By DJ Monk

Artwork for The Deep Dark River Quadrilogy Chapter II: Leviathan And The Deep, Dark Blue byMorgan Rider may well be better known to death metal fans as the frontman of Toronto’s Vesperia, with whom he has released two albums. While sonically completely different from the territory he inhabits with the project, his solo offerings share strong thematic links, especially in relation to their connectivity to the environment. As its title suggests, this is the second in a series of four inter-linked albums, a sweeping concept set within an alternate timeline and dimension of Earth, including its geologic history and eras of human civilization. The stories contained within the Deep Dark River albums, as with those by Vesperia, are peripheral to a book series Rider has also been writing for the last nine years, and for which he is currently seeking a publisher.

The story which ‘Chapter II…’ tells is essentially an analogy for climate change, and especially the impact of man upon his environment and his neverending intention to kill or destroy that which he does not understand, telling as it does the story of the “Ocean God”, the “leviathan” of the title, and the “shore dwellers” from whom he seeks to protect his realm before paying the ultimate price and perishing in the “deep, dark blue” of his domain… As the story suggests, the musical landscape which Rider paints is suitably bleak and nihilistic, totally alien from the technicality of his DM background but yet possessing the same dark characteristics with which many will identify.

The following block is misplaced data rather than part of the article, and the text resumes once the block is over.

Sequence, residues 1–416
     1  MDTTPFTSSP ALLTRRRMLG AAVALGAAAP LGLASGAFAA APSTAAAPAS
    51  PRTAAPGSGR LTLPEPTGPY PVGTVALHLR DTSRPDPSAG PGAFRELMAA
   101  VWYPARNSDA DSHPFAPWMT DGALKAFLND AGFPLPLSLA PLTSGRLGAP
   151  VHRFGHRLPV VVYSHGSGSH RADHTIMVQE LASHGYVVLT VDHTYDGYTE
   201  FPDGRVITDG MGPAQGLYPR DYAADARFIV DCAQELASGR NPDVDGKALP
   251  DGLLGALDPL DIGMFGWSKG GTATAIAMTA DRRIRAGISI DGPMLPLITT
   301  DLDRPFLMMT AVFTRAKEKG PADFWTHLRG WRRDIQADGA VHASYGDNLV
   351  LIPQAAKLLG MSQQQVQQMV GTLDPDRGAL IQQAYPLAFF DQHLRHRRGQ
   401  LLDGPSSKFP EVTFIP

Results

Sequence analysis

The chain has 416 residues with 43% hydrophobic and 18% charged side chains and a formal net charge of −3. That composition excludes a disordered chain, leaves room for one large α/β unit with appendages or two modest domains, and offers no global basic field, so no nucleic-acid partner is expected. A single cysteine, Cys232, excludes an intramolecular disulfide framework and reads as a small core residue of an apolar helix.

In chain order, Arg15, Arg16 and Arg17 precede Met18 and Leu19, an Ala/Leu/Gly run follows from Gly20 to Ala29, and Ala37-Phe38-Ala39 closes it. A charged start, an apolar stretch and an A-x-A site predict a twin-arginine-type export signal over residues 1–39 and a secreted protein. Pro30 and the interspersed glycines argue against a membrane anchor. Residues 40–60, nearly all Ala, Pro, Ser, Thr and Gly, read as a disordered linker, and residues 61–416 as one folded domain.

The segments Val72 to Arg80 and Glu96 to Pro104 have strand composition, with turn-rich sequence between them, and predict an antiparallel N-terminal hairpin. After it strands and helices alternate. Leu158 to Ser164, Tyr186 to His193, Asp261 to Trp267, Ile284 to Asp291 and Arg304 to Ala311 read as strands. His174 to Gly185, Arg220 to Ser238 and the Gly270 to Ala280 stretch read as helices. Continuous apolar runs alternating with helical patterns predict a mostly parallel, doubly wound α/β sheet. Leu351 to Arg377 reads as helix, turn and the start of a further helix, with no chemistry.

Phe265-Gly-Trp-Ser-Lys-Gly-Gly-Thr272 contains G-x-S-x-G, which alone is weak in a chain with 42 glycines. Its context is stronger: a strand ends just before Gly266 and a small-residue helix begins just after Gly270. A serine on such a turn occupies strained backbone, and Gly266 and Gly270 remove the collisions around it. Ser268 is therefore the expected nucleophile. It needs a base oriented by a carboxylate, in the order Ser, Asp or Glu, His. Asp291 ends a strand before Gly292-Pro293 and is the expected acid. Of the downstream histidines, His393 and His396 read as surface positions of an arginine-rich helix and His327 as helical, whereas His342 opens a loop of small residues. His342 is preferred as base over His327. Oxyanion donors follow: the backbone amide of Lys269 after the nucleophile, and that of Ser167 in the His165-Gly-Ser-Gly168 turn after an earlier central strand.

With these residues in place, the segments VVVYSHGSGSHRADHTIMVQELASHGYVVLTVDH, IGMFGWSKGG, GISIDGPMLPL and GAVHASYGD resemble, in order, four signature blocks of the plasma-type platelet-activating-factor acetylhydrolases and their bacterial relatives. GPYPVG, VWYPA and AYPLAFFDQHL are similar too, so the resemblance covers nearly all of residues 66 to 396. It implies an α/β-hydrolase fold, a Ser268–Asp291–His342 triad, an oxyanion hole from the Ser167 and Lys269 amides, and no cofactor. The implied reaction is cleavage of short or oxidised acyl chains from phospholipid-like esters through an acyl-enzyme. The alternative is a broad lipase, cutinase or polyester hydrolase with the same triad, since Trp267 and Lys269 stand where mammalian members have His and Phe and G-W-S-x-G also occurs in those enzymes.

It is also a surprisingly heavy album: not in terms of the likes of Mastodon, who have explored similar thematic territory, but in the sheer weight of the sonic gravitas which it brings to bear. Dolorous cellos moan and lament behind guitar riffs which broil and crash like Atlantic breakers against granite cliffs; acoustic guitars and mandolins build layers of brooding atmosphere before songs like ‘Dread’ and ‘The Seafaerers’ explode into vibrant yet dense life, then retreat back into the overall melancholia which pervades the album. All the while, Rider’s rich, sonorous vocals tell the story with a rarely possessed intensity and sensuality which is as hypnotic as it is forthright.

‘Chapter II…’ itself is split into two parts: the main body of the album, seven tracks which tell its story with a barely restrained fury, and then acoustic interpretations of the five songs which make up the lyrical essence (the first half is bookended by two instrumentals). These latter reflections contain their own power, made all the more cognisant and impressive by their stripped back nature, which in turn define the clarity of purpose behind the project. The result is an epic album which will appeal to fans of the dankest black metal as much it will to those of folk music, as it ploughs a dark furrow somewhere between the two, possessing as it does the atmospherics of the former and the story-telling ability of the latter. Quite an achievement, and one beautifully realized.

  • ‘The Deep Dark River Quadrilogy Chapter II: Leviathan And The Deep, Dark Blue’ is out now. You can get your copy HERE.

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